Today's guest blogger is Anders Frick, a technology journalist from Lund, Sweden, who is working at IEEE Spectrum as part of a program sponsored by Vinnova, a Swedish governmental agency that encourages innovation.

Anders Frick

Toys are for kids, but toy fairs are not. Strangely enough, the American International Toy Fair, the biggest of its kind in the Western Hemisphere, bars all kids. To get past the guards, even journalists must prove they are at least 18 years old. And so middle-aged men and women are all you see as you go up and down the aisles, here in New York City's Javits Center, a glass-and-steel compound large enough to park airliners in.


NOT FOR KIDS: The 2007 American International Toy Fair features every plaything imaginable—but is strictly an adult affair.

The grown-ups sometimes stop to eye actors in fancy dress, but most of them walk right past the regulars—yet another talking robotic doll, yet another LED-powered flashing light. They are mostly trying to decide what to put on shop shelves for Christmas, and often they have particular market segments in mind: Maybe a traditional wooden horse for the toddlers, some sculpturing foam for the primary-school kids, and a hydrogen-powered Fuel Cell Car or a radio-controlled helicopter for the 'tweens.


MORE THAN A TOY: Horizon's H-Racer and fueling station are a first attempt to master the complexity of hydrogen power.

As a Swedish tech journalist, camping out here at IEEE Spectrum for a few months, I must say I have never before seen so much stuff hawked to so many people who would never want any of it for themselves. Why not bring in the end users—the kids—to serve as judges? Maybe they will end up spurning the game that supposedly improves school performance for the four-meter-tall plush giraffes. I bet most kids would much rather play with the box it comes in anyway.


GOOD AND GOOEY: Fantasma Foam is a novelty product that must be good for something, but we couldn't figure out what.

There are some basic rules: Toys should be fun, and they should not break after five minutes of use. There are also some clear trends. Once upon a time, toys were often miniature versions of things taken from the adult world, but today, they do not necessarily need to represent anything "real." Examples include green gunk that squishes moistly in your hand and wands that spell out words in the air when you wave them rapidly back and forth. Furthermore, it is an advantage if the toy provides a challenge, even if it doesn't make kids smarter.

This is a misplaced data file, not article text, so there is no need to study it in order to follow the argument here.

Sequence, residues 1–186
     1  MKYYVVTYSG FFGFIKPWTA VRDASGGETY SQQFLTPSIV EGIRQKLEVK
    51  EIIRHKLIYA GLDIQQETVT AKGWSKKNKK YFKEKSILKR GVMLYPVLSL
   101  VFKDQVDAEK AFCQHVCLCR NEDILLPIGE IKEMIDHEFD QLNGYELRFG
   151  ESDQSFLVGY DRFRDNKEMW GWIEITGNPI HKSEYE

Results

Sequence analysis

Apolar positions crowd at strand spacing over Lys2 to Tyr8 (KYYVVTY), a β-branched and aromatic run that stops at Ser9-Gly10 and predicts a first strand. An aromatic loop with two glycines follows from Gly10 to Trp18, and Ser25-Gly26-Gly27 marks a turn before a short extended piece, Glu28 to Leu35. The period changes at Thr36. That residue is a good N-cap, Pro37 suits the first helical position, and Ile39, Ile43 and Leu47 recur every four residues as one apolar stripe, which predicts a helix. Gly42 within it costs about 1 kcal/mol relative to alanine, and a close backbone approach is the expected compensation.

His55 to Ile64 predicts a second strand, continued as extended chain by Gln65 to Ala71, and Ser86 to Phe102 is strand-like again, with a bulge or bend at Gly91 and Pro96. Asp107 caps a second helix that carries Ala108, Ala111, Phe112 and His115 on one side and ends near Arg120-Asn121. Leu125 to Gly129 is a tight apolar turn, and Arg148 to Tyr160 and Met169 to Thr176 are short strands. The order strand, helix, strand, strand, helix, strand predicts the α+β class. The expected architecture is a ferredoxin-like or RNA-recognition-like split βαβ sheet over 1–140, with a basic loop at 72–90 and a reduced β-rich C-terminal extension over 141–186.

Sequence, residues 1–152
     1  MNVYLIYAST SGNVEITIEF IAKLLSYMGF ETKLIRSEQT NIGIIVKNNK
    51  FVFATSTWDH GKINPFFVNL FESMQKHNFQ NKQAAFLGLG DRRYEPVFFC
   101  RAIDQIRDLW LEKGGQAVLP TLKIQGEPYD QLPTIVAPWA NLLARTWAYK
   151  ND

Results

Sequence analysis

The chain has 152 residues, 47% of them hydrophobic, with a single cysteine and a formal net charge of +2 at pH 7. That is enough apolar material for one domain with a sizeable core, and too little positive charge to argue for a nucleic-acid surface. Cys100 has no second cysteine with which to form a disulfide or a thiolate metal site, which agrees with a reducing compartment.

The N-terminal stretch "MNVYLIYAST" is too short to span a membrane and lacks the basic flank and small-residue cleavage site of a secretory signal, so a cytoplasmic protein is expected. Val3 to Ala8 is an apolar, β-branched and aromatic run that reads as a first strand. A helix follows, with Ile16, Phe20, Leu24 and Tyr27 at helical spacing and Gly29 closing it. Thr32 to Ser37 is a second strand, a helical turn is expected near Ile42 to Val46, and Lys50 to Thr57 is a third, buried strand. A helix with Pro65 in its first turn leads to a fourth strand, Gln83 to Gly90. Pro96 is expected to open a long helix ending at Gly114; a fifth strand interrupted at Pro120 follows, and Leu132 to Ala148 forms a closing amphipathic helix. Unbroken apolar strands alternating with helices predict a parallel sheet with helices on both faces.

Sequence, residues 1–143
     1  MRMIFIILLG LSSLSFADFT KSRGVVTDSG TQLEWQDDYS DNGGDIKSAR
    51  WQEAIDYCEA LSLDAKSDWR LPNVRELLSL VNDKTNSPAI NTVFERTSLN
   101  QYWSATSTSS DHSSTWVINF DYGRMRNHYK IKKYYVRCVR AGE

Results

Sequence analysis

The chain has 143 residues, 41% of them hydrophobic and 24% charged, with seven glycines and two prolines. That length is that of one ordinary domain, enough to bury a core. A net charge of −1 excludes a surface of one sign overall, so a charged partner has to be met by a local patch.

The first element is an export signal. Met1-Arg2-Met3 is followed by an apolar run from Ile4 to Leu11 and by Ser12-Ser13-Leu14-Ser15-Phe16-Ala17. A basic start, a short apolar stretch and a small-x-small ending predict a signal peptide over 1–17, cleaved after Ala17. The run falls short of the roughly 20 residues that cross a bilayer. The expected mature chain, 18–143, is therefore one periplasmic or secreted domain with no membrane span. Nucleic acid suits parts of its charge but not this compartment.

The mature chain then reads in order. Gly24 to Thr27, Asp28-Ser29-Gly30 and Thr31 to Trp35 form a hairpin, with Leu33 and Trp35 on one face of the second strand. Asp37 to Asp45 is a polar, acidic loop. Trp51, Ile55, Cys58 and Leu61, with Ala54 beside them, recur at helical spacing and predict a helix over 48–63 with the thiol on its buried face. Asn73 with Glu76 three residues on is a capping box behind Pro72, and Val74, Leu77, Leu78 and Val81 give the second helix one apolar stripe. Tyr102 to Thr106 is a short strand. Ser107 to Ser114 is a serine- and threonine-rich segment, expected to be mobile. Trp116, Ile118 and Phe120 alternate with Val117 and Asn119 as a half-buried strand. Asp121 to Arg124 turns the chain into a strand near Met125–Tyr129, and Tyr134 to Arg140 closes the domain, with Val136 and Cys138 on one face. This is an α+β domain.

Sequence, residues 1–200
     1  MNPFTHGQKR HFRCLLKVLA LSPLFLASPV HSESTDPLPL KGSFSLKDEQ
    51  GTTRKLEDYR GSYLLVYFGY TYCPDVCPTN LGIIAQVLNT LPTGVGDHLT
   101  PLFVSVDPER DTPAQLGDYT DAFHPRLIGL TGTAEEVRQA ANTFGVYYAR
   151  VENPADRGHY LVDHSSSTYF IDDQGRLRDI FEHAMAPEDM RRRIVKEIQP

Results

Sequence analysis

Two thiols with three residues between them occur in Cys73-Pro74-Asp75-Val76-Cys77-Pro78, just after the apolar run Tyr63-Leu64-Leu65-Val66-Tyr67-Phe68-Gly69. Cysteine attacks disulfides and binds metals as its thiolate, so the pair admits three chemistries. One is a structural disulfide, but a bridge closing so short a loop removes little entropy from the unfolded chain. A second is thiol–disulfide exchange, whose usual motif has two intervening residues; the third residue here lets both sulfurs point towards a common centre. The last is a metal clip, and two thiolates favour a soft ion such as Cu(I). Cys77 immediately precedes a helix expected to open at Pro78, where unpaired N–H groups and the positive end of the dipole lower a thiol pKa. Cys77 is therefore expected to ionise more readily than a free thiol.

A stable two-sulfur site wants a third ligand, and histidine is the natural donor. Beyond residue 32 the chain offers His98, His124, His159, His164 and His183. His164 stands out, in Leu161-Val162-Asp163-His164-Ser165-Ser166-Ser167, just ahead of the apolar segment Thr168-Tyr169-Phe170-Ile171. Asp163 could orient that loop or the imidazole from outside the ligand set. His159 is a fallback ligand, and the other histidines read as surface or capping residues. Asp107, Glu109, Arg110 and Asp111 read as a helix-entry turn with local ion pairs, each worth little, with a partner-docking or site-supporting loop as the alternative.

PLAYING IN SNOW: If you live in a warm climate, your kids might have fun making their own snow to play with.

Some companies were clearly using brain-claims to target newbie parents. One toymaker asserted that a product would efficiently stimulate both the right and the left part of the brain. Who doesn't want to have smart kids? And who wants an unbalanced kid who tips to the left or the right?

Three toys were my favorites:

  • Instant snow (photo to right). Take white powder, add water, stir and, voilà, cold snow for your amusement. Evaporation makes it cold; when the powder's dry, you can re-hydrate it again.

  • The Mentos/Coke fountain kit. Screw the cap off a bottle of soda, attach the plastic tube loaded with Mentos mints to the neck, pull out the string, and run to a safe distance. Then watch suds shoot 30 feet in the air.

  • Astrojax. By putting three balls on a string instead of just one, this yo-yo derivative lets you set up complex, orbiting patterns. Fun even for kids who are not budding physicists.


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